The U. N. Security Council voted Friday to renew its peacekeeping mission in Haiti for an eighth year, noting that the international community must continue to work to help Haiti strengthen rule of law and its national police force.
“Strengthening the capacity of the Haitian National Police is paramount for the Government of Haiti to take timely and full responsibility for the country’s security needs, which are central to Haiti’s overall stability and future development,” the Council said in its resolution.
The force has been in Haiti since 2004 when a rebellion forced the ouster of President Jean-Bertrand Aristide. In recent years, however, resentment of the mission by Haitians has grown amid allegations of sexual abuse by some peacekeepers and the introduction of a deadly cholera epidemic. Blamed on Nepalese peacekeepers, cholera has killed more than 7,000 Haitians and sickened more than a half million people.
Critics of the mission called for protests Friday outside the United Nations in New York.
The Security Council recognized progress has been made in Haiti but said the country remains fragile. It approved a gradual drawdown by the U.N. Stabilization Mission, known by its French acronym MINUSTAH, reducing the force by 1,710 to 8,871. That had been the recommendation by U.N. Secretary General Ban Ki-moon.
Members said it’s “a critical task” for the mission to continue to help Haiti and called on Haiti’s foreign friends “to intensify their assistance.”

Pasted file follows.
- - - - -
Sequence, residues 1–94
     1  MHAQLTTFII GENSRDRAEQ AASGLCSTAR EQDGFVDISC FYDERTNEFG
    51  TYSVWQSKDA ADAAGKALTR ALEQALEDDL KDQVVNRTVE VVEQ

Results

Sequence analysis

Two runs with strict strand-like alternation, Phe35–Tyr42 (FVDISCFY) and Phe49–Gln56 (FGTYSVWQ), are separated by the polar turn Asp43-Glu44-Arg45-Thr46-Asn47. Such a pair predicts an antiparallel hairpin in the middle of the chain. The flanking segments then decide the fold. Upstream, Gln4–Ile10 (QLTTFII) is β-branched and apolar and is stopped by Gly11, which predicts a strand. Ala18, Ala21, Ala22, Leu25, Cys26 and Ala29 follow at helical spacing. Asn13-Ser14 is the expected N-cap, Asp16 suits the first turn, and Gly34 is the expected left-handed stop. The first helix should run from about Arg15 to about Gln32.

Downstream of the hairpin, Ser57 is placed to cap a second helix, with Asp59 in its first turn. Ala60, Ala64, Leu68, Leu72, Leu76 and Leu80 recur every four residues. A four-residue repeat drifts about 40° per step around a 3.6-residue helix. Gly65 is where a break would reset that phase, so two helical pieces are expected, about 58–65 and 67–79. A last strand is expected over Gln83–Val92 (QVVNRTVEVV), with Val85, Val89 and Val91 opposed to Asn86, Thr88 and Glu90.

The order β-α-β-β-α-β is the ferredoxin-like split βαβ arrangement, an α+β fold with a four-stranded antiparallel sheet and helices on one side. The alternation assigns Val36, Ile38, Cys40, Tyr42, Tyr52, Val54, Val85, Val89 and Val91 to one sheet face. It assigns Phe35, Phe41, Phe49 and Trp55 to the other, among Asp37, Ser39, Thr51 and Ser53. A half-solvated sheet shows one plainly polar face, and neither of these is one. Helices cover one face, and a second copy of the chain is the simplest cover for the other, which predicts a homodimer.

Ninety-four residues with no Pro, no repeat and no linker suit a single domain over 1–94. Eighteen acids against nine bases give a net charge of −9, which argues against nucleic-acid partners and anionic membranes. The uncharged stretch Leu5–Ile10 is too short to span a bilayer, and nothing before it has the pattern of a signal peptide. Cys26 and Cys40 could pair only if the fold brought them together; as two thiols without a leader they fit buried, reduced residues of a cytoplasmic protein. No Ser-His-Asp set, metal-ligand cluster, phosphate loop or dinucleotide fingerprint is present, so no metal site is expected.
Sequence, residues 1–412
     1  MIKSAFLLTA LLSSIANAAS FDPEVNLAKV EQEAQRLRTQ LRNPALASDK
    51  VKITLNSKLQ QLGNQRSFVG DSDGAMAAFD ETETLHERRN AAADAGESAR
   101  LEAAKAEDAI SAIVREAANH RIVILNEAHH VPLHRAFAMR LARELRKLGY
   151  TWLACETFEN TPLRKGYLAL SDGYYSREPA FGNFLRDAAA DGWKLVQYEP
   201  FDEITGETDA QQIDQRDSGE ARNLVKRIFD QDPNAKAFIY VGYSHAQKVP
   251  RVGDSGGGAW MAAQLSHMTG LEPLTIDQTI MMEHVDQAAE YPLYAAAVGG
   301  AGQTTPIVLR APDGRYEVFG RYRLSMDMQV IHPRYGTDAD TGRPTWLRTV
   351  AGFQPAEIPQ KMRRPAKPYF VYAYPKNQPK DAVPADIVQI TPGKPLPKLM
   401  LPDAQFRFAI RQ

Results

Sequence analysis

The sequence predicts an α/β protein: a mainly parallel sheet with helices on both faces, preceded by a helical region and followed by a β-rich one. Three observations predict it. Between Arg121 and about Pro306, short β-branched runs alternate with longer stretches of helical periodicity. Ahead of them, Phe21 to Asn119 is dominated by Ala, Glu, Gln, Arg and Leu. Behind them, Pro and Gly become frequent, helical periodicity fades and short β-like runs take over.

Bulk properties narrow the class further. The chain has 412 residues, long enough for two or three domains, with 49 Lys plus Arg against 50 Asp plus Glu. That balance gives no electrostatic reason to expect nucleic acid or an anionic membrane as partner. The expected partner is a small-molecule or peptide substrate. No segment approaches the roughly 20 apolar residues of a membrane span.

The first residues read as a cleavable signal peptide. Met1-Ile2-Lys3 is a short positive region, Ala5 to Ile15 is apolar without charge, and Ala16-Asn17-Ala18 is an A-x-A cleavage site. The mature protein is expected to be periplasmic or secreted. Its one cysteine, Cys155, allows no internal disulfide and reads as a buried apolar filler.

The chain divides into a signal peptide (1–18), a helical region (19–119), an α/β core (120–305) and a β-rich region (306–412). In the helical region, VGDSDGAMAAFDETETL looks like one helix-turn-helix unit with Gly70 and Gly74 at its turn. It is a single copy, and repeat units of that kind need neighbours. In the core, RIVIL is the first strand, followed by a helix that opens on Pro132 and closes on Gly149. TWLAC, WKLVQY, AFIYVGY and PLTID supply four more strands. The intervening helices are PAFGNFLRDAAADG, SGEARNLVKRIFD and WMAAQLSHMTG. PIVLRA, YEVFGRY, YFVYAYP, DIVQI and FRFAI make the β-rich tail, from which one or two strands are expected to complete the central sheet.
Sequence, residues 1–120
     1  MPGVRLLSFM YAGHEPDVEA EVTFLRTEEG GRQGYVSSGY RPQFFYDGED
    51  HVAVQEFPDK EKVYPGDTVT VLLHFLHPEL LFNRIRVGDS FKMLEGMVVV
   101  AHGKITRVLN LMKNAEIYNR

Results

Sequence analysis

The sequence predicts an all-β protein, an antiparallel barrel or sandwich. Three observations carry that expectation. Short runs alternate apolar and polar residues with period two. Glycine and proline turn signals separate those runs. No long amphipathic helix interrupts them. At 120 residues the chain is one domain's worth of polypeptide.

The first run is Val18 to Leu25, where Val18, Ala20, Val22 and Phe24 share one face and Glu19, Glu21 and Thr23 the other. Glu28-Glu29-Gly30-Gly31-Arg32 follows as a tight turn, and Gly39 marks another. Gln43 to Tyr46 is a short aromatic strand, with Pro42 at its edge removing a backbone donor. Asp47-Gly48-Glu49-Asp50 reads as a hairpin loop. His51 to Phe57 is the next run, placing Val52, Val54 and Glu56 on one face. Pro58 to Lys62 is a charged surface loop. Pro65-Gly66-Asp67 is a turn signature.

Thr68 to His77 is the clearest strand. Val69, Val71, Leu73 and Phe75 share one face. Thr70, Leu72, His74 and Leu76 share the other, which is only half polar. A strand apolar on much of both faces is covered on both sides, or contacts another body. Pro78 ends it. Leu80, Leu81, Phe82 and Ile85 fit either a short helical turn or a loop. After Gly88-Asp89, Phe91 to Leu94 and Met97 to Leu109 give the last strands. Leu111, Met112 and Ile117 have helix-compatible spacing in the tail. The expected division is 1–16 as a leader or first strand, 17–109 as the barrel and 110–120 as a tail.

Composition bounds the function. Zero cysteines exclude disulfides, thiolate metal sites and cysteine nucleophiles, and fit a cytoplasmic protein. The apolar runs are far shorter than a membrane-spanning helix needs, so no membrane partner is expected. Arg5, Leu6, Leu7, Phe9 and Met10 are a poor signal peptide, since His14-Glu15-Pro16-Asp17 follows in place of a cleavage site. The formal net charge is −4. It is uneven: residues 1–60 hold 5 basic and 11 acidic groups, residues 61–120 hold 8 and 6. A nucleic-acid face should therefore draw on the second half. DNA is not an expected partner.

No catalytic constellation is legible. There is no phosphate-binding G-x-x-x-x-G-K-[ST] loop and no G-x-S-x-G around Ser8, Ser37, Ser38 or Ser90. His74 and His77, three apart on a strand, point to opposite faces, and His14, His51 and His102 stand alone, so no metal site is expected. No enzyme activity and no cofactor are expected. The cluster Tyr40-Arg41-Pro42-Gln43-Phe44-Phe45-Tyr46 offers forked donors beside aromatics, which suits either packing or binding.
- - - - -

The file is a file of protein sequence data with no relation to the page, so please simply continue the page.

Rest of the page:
A recent study by the International Crisis Group, an independent watchdog group that monitors conflicts around the world, advised against a swift withdrawal of MINUSTAH, saying any exit strategy must be tied to Haiti doubling the size of its 10,000-member police force.
“It would be foolhardy to rush that process given the serious gaps in consolidating security and justice,” the study said. “The real challenge was and still is how to actually strengthen the police force to levels commensurate with the size of Haiti’s population.”
The study also criticized President Michel Martelly’s plan to rebuild the army, noting it could negatively impact police strengthening. That plan has since been put on the back burner, Prime Minister Laurent Lamothe told the Miami Herald editorial board Monday.
“We feel right now … the security investment would provide a better return if it’s put [in] the national police than if we were to do an army at the same moment,” Lamothe said. “The cost to doing a new army would be greater than reinforcing the police, and the effect would probably be the same.”